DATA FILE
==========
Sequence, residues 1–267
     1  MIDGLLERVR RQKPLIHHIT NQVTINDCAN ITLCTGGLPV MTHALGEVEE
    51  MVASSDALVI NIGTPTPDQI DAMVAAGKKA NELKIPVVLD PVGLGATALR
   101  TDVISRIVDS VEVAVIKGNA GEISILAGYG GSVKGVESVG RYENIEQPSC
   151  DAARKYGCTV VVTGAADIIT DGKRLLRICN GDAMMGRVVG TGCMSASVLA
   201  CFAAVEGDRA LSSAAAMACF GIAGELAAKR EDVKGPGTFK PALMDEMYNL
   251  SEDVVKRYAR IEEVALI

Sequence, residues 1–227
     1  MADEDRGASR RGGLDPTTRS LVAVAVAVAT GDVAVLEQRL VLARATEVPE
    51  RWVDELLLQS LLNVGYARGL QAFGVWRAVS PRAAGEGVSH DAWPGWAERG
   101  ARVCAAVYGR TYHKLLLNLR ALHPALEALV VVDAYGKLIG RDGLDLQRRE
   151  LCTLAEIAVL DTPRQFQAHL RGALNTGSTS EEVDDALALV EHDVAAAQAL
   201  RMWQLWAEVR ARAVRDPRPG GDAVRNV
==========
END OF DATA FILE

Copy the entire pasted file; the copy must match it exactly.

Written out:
Sequence, residues 1–267
     1  MIDGLLERVR RQKPLIHHIT NQVTINDCAN ITLCTGGLPV MTHALGEVEE
    51  MVASSDALVI NIGTPTPDQI DAMVAAGKKA NELKIPVVLD PVGLGATALR
   101  TDVISRIVDS VEVAVIKGNA GEISILAGYG GSVKGVESVG RYENIEQPSC
   151  DAARKYGCTV VVTGAADIIT DGKRLLRICN GDAMMGRVVG TGCMSASVLA
   201  CFAAVEGDRA LSSAAAMACF GIAGELAAKR EDVKGPGTFK PALMDEMYNL
   251  SEDVVKRYAR IEEVALI

Sequence, residues 1–227
     1  MADEDRGASR RGGLDPTTRS LVAVAVAVAT GDVAVLEQRL VLARATEVPE
    51  RWVDELLLQS LLNVGYARGL QAFGVWRAVS PRAAGEGVSH DAWPGWAERG
   101  ARVCAAVYGR TYHKLLLNLR ALHPALEALV VVDAYGKLIG RDGLDLQRRE
   151  LCTLAEIAVL DTPRQFQAHL RGALNTGSTS EEVDDALALV EHDVAAAQAL
   201  RMWQLWAEVR ARAVRDPRPG GDAVRNV